5. Schirene’s eventual betrayal of Alroy is a final confirmation of the novel's mistrust of miscegenation. Indeed, it is only by reasserting his Jewish identity in martyrdom at the end of the novel that Alroy regains his heroic stature, reaffirming that ‘. . . my people stand apart from other nations, and ever will despite of suffering.’12 In this final rejection of luxury for physical pain, Alroy reverses the identification with Schirene and re-establishes his masculine and Jewish ‘loneliness.’ Yet it is only within christological terms that Disraeli is able to figure Alroy’s fall as triumphant. As the novel moves into its final phase, in which Alroy is captured and humiliated, the style shifts, using shorter, simpler sentences and explicit references to the life of Jesus:
         A tear stole down his cheek; the bitter drop stole to his parched lips, he asked the nearest horseman for water. The guard gave him a wetted sponge, with which, with difficulty, he contrived to wipe his lips, and then he let it fall to the ground. The Karasmian struck him.
         They arrived at the river. The prisoner was taken from the camel and placed in a covered boat. After some hours, they stopped and disembarked at a small village. Alroy was placed upon a donkey with his back to its head. His clothes were soiled and tattered. The children pelted him with mud. An old woman, with a fanatic curse, placed a crown of paper on his brow. With difficulty his brutal guards prevented their victim from being torn to pieces. And in such fashion, towards noon of the fourteenth day, David Alroy again entered Bagdad.13
    This dramatic use of intertext suggests that Disraeli, in searching for a narrative within whose terms Jewish suffering can be refigured as heroic, finds only the Christian Passion.

  6. If the novel is unable to conceive of Jewish toughness except in christological terms, it is also unable to maintain a notion of Jewish authenticity except in domestic terms. Only Alroy’s sister Miriam, a figure of domestic but not erotic love, succeeds in sustaining a Jewish identity uncompromised by ambition or bigotry. Unlike other definitions of Jewishness in the text, hers requires no political expression. National liberation means nothing to her: ‘For Miriam, exalted station had brought neither cares nor crimes. It had, as it were, only rendered her charity universal, and her benevolence omnipotent.’14 In this text Disraeli represents feminine virtue as transcendent, independent of political status, unaffected by either oppression or autonomy. Disraeli’s eulogistic language (the novel was dedicated to his own sister) suggests that it is Miriam who alone maintains an authentic Jewish identity. The contrast with the corruption of Alroy is striking. The feminised, domesticated definition of Jewishness, which the Anglo-Jewish writer Grace Aguilar was to exploit so successfully during the 1840s, is here presented as a pragmatic and more enduring alternative to the romantic, militant and ultimately tragic political nationalism of Alroy.15 Meanwhile, Disraeli's own writings of the 1840s show a crucial reworking of Alroy's concerns with the relationships between Jewishness, masculinity and national identity.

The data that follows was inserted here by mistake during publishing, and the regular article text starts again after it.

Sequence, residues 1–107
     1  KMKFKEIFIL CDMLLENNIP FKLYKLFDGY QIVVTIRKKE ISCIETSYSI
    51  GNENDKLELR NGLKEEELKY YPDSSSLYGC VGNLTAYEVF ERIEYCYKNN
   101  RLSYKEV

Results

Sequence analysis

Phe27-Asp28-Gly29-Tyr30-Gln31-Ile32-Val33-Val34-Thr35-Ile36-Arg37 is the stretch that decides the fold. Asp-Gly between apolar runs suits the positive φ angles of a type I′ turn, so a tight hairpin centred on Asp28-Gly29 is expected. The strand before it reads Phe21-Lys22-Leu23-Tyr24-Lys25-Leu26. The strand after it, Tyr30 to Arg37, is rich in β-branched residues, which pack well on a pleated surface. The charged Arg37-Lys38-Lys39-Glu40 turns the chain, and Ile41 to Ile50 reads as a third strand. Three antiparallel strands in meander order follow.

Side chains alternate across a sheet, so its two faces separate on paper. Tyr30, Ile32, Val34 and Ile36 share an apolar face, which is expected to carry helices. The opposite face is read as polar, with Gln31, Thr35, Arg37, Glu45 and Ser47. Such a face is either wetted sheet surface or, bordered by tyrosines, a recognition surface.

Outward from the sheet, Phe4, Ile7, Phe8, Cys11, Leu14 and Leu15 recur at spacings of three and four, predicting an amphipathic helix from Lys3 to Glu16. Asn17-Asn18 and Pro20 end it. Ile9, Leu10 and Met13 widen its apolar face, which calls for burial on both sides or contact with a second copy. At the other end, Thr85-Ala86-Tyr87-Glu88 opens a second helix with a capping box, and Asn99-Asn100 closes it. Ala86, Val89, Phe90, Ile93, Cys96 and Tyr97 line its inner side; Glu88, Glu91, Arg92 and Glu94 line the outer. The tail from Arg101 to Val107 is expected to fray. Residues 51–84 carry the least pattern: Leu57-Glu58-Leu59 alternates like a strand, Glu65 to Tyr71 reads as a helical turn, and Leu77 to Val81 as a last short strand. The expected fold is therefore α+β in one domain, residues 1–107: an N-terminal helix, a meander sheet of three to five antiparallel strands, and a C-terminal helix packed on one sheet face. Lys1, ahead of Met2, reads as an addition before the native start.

1 Benjamin Disraeli, The Wondrous Tale of Alroy (London, 1833), Bk 1, p. 195.

2 Ibid., Bk 2, p. 41.

3 Ibid., Bk 2, p. 66.

4 Ibid., Bk 3, p. 34.

5 Ibid., Bk 1, p. 213.

6 Ibid., Bk 1, pp. 110-11.

7 Ibid., Bk 2, p. 61.

8 Ibid., Bk 2, pp. 100-1.

9 Ibid., Bk 2, pp. 46-7.

10 Ibid., Bk 2, p. 140.

11 Ibid., Bk 2, pp. 174-5.

12 Ibid., Bk 3, p. 92.

13 Ibid., Bk 3, pp. 24-5.

14 Ibid., Bk 3, p. 69.